“So here I am, studying an NCTJ with Brighton Journalist Works and although it’s intense and there’s a lot of information to take in, I don’t regret applying for this course!”
Amy Roberts – @AmyRoberts__
“I decided to take an NCTJ for a couple of reasons. Writing about my interests has always been something I’ve enjoyed, be it politics and current affairs, sport or music.
“At the same time, there are far too many stories around the world which go un- or under-reported and I think making these public is immensely important.
“Shine a light in the dark, knowledge is power, blah blah, cliche cliche.”
Alastair Reid – @AJReid
“I decided to do this course because I’ve always loved reading and writing, and my studies have reflected that.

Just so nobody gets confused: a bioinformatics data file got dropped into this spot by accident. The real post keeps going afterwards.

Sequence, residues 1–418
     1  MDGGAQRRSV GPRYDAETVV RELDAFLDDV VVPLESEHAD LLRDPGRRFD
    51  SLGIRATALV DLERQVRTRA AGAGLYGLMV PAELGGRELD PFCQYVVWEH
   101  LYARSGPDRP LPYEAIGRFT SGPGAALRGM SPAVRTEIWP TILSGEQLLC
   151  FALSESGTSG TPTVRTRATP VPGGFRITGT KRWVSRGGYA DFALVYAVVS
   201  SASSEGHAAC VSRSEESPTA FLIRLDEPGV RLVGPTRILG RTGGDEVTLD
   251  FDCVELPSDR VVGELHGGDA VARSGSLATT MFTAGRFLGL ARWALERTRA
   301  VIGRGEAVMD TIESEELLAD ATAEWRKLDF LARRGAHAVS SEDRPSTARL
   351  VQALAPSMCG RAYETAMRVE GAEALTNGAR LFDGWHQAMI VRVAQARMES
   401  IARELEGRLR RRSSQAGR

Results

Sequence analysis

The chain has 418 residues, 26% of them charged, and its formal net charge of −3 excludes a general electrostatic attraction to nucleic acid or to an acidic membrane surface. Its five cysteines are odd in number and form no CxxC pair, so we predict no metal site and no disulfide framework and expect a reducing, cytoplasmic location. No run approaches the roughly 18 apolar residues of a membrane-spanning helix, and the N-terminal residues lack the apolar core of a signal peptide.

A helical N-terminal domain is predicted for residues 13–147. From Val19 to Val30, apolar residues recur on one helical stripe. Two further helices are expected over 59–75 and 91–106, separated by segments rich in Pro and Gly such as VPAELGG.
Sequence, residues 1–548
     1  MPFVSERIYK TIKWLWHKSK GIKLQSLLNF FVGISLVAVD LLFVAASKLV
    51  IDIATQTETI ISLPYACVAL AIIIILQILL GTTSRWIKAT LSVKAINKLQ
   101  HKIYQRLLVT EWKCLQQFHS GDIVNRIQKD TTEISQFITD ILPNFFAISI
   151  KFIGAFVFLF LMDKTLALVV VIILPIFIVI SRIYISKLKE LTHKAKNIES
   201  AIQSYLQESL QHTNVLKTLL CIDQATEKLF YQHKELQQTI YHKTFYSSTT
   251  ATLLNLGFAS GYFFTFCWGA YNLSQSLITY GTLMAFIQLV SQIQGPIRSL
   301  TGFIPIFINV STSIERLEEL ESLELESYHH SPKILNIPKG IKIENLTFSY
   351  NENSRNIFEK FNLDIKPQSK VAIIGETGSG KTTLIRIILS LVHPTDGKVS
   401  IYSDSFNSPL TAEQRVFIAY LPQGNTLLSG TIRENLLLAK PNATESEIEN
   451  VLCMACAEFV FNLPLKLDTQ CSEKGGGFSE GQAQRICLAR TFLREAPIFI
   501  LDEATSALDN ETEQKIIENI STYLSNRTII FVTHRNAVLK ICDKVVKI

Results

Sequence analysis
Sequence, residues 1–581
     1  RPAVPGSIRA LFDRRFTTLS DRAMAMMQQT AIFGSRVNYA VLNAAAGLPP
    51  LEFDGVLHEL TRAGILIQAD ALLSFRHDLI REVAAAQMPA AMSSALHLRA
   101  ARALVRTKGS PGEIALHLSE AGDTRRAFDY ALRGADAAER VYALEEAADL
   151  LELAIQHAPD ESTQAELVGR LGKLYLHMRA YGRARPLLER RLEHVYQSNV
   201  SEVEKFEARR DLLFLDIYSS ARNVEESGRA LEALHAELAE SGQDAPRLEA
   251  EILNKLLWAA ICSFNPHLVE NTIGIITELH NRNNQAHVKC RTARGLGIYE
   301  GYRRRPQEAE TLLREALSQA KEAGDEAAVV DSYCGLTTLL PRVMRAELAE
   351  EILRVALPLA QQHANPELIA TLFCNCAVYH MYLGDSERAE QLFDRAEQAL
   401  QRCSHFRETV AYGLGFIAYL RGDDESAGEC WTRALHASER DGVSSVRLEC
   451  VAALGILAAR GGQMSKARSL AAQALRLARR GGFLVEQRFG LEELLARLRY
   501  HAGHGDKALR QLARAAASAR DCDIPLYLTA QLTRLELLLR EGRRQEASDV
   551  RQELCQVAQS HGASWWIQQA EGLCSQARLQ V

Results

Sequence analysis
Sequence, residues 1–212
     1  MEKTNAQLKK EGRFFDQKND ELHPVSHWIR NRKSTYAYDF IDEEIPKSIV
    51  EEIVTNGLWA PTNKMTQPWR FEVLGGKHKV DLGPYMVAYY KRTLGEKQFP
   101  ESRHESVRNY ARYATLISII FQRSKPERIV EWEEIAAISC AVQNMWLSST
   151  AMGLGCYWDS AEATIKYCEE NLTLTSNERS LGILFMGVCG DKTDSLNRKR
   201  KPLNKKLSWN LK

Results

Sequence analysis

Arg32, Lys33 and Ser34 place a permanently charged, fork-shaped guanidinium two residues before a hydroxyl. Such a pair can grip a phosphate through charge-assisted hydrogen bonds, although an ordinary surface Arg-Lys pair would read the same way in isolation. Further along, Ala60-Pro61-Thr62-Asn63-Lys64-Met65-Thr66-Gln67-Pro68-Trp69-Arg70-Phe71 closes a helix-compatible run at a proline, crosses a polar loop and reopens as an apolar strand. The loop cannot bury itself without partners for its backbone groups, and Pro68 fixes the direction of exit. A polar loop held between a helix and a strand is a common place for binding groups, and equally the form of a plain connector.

“However I have found that a degree in English Literature alone would not bring me to the sort of career that I desired.
“I spent all summer unsuccessfully looking for jobs, which initially depressed me but ultimately gave me the push to decide to do something that would show that I am career focussed and give me necessary work-place skills.
“I found this NCTJ accredited course and got very excited and enrolled quite last-minute. I do not regret it at all as I feel like I have already learnt so much in just a few days.
“I am particularly enjoying media law and public affairs as we are starting from the basics, and although I’ve always had an interest in these subjects, I’ve always felt insufficiently informed to comment, debate, or write about them.
“I am sure that will change by the end of this course.”
Hannah Yates – @HanRiker
“I decided to take the NCTJ Fast Track Diploma in Journalism as I knew that I really wanted to be a journalist, due to my passion for current affairs and sport as well as my love of writing.